Francis: "God Cannot Be God without Man." Yes, he really said that.

 

by Christopher A. Ferrara
June 9, 2017
In yet another of his curious pronouncements from the Vatican, Pope Bergoglio offered the following remarkable opinion at his General Audience this past Wednesday:
“We can be far, hostile; we can even say we are ‘without God.’ But Jesus Christ’s Gospel reveals to us that God cannot be without us: He will never be a God ‘without man’; it is He who cannot be without us, and this is a great mystery! God cannot be God without man: this is a great mystery! [Dio non può essere Dio senza l’uomo: grande mistero è questo!]” 
In other words, according to Pope Bergoglio God needs man in order to complete His nature. Now, of course, any minimally catechized ten-year-old knows that God does not need anything whatsoever and that His creation of man was a gratuitous manifestation of His infinite love. Indeed, a being who needed anything would, by definition, not be God, the highest being and the ground of all other being, but some lesser being. For as even Plato recognized in the light of human reason alone, God must be “the sum of all perfections.”
It would be easy enough to dismiss Pope Bergoglio’s opinion as merely sloppy language resulting in nonsense. But it would appear that beneath the nonsense is something deeper and even more nonsensical, albeit more troubling for the Church: the “evolutionary theology” of Teilhard de Chardin in which Pope Bergoglio was steeped during his formation as a liberal Jesuit of the Sixties and Seventies, despite condemnation of Teilhard de Chardin’s heresies by the Holy Office under Pope John XXIII.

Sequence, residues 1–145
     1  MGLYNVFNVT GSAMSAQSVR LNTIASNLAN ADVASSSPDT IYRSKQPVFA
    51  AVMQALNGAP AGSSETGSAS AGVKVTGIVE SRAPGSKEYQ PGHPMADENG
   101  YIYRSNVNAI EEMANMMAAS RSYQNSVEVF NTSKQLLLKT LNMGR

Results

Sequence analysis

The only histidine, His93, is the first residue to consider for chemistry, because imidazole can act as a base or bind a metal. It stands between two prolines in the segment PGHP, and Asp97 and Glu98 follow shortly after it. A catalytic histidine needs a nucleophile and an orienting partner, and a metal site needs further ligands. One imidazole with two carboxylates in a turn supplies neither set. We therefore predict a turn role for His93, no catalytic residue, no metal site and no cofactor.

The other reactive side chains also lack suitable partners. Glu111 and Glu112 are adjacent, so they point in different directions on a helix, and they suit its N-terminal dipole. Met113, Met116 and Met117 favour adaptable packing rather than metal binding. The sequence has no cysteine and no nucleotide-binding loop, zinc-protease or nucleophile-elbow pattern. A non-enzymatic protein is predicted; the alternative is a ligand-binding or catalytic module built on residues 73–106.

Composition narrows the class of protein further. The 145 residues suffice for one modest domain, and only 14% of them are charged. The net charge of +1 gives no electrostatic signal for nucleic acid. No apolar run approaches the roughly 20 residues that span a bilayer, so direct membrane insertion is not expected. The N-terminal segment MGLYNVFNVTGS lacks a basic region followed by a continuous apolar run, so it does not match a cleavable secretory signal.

It was in fact Pope Bergoglio who, in his “green encyclical” Laudato si’, referred to the “contribution of Teilhard de Chardin” in a footnote to a passage wherein Pope Bergoglio declares: “The ultimate destiny of the universe is in the fullness of God, which has already been attained by the risen Christ, fulcrum of the universal maturation.” (The Vatican’s English translation is not faithful to the official Italian version, including the key Teilhardian phrase fulcro della maturazione universale [“fulcrum of the universal maturation”].) 
That is, according to Pope Bergoglio, Christ attains the “fullness of God” through evolution because, through evolution, He has become a man risen from the dead and, as such, the “fulcrum of the universal maturation” who will lead all things to Teilhard’s imaginary Omega Point. Thus did Teilhard, a scientific as well as a theological fraud, implicated in the Piltdown Man hoax, have the audacity to assert in his The Heart of the Matter: “It is Christ, in very truth, who saves — but should we not immediately add that, at the same time, it is Christ who is saved by Evolution?”
LifeSiteNews, in an article by John-Henry Westen, has also taken note of Pope Bergoglio’s apparent attachment to Teilhardian “process theology,” which asserts that “God perfects himself by creation or grows with creation.” And while it is certainly true that given the Incarnation, God will henceforth never be without man, this is not the same as saying, as Bergoglio does, that God could not be God without man. As an orthodox theologian cited by LifeSite explains: “… God has absolutely no actual need of mankind, our relationship with God being entirely dependent on that gratuitous superabundance of the infinite Divine Love of the Father, Son and Holy Spirit.”
As Westen’s headline states: “We need another clarification.” None will be forthcoming if past Bergoglian practice is any indication. In any event, Catholics in a position to do so have a duty to present, yet again, the authentic teaching of the Church in order to counter the latest Bergoglian novelty. The acquiescence of silence is not an option.